Service Employees International Union president Andy Stern sharply criticized politicking and lack of subsidies for lower middle class families in the Senate health care bill but isn’t threatening action against lawmakers he says have let voters down.
Stern told TPMDC in an interview that SEIU members will use the holidays for a last-chance pressure campaign through phone calls and grassroots efforts in members’ home districts. The broader game plan will shape up in the first two weeks of January.
“We’ve really said to people this is your last chance to improve this bill, at least at this moment in history,” Stern said. “It’s now or never.”
He asked why should progressives and union members who were major players in forcing health care to be part of the campaign discussion in 2007 and 2008 should settle for a bill that’s less-than.
“When there is more that can be done that’s reasonable and responsibile you don’t stop fighting,” he said.
But without a clear threat, it’s a continued softening of the critique last week as House Democrats signal they are mostly willing to accept the Senate version of the bill with little more than a surface fight so they can move on.While acknowledging the dramatic reform that is included in the measure, Stern said it can be improved and left it up to members to decide how to approach a bill they think is not good enough once the final plan is drafted. Last week they outlined the differences between the House and Senate bills in a 20,000-member conference call and particularly criticized the affordability provisions in the Senate version.
Stern stopped short of saying SEIU would campaign against a final health care bill or seek political repercussions for being let down, but he repeated what he’s been saying about 2008 election that President Obama and Democratic leaders have “squandered” the gift voters handed to them of a mantra for change.
“Rather than do what they promised we’ve sort of turned the Senate into the ‘Price is Right,'” Stern said, adding that the American people didn’t want to allow senators to be “an army of one.”
“They have not risen to the occasion,” he said.
Improvements SEIU wants to see focus on affordability.
For example, the House measure includes larger subsidies for lower middle class families. A family of 3 that earns $41,000 a year will pay an average of $7,000 a year for health care, or 17% of their income under the Senate bill, $2,134 more than they would pay under the provisions in the House bill, SEIU estimates.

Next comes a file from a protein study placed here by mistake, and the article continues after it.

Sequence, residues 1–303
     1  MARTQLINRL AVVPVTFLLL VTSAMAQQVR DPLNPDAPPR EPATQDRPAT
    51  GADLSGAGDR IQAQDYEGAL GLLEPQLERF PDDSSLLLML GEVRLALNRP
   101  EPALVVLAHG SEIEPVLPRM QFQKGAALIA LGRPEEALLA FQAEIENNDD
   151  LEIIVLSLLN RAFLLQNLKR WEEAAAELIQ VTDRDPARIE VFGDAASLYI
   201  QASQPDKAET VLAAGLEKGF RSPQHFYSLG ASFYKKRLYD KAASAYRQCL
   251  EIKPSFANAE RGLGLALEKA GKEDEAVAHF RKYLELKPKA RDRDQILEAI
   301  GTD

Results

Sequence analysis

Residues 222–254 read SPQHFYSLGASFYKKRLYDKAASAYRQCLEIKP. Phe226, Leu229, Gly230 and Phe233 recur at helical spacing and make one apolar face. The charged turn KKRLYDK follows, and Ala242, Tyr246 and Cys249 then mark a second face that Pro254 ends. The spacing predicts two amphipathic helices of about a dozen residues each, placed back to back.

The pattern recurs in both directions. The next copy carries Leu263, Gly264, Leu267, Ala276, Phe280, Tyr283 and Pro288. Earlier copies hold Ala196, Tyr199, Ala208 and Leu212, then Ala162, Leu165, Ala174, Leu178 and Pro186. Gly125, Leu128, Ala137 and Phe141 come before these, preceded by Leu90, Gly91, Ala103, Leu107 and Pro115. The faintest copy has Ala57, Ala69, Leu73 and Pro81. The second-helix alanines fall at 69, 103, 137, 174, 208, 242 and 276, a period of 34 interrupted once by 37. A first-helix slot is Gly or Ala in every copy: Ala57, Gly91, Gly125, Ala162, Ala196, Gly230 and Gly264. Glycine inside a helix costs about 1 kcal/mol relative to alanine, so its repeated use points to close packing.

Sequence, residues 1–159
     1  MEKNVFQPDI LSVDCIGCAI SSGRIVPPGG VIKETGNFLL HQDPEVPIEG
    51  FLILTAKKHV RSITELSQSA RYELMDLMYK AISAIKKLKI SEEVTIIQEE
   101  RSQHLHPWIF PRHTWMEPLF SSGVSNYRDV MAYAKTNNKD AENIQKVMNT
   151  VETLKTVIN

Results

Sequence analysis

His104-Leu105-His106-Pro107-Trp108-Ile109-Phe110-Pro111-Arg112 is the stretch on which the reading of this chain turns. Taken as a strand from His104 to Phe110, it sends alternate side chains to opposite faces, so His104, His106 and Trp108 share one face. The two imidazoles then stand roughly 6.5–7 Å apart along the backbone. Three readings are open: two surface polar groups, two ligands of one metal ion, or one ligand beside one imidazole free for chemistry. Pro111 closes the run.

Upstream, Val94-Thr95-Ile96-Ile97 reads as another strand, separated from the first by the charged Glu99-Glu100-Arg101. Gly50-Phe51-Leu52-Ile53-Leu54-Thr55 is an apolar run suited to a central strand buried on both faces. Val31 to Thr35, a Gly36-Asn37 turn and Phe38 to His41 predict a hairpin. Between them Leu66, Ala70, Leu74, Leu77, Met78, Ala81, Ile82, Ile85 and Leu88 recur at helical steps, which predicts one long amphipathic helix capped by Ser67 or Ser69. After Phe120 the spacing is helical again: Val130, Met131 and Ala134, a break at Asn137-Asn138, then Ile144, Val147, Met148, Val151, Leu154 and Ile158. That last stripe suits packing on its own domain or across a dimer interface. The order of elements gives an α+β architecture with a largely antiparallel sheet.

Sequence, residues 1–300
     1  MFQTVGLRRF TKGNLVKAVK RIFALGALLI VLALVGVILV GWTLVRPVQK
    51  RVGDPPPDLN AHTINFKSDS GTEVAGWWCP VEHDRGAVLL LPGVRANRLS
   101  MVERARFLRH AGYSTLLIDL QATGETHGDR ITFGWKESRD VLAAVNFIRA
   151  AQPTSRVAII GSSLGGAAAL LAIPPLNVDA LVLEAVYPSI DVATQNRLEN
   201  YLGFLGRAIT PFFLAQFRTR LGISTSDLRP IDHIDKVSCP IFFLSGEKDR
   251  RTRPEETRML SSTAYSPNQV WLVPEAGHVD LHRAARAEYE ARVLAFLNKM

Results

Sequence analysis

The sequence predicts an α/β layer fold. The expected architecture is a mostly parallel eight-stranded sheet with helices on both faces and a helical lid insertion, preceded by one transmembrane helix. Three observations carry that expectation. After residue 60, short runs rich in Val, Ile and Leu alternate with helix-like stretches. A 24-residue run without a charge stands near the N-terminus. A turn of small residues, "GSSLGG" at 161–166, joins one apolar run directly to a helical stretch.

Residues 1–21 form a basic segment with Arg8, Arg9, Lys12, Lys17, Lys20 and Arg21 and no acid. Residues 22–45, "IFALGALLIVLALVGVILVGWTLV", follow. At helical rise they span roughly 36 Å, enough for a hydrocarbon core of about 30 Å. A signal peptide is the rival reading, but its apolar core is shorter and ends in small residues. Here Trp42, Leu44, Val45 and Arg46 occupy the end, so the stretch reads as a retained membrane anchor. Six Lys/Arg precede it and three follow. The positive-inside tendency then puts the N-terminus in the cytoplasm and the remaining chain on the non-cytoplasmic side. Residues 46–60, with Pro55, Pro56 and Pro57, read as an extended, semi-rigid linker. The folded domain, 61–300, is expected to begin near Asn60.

A family of 3 that earns $70,500 a year will pay an average of $12,166 a year in the Senate plan – a figure $1,339 more than the family would pay under the House bill.
SEIU members also believe the Senate version unfairly taxes people who have high cost plans, something that isn’t their fault since they live in places with no competition between insurance companies.
“If people can’t afford the insurance they are being offered this bill, it is not maximizing its possibilities,” Stern said.
Still, Stern, one of the most frequent visitors to the Obama White House this year, said the underlying bill is “a leap forward” and rattled off the administration’s talking points for how it improves the system. Progressives all week have said they will keep fighting, though Congressional leadership believes they will accept the Senate’s more conservative plan.
SEIU provided this background on provisions for part-time workers they want to see included:
Health reform will provide new options for Head Start agencies and employees, but the Senate bill could result in harm to Head Start workers if some critical flaws are not addressed. The Senate “employer responsibility” provisions create an enormous incentive for Head Start agencies and other employers to cut workers’ hours to 29 hours per week, end health insurance coverage, and steer workers to the exchange for coverage, because they will pay nothing for part-time workers and their families who receive coverage in the exchange. While some workers and their families may find affordable, good coverage in the exchange, Head Start agencies will pay little or nothing towards that coverage, and many workers could be worse off.
SEIU strongly recommends the House approach to employer responsibility because it is a “win-win” for both Head Start agencies and workers. Agencies can choose to “play or pay”, paying 8% of average wages for workers to enroll in coverage in the exchange. This is a fair and predictable contribution and will not create an incentive for agencies to cut hours. Head Start agencies and other nonprofit and for-profit employers can choose to continue to offer coverage to full-time workers, while also choosing to pay 8% of average wages for part-time workers to get their coverage in the exchange. This is a fair and workable approach, in contrast to the Senate approach, with its administratively burdensome and complex rules regarding employer responsibility.
Click here for Stern’s statement on the passage of the health care bill in the Senate on Dec. 24.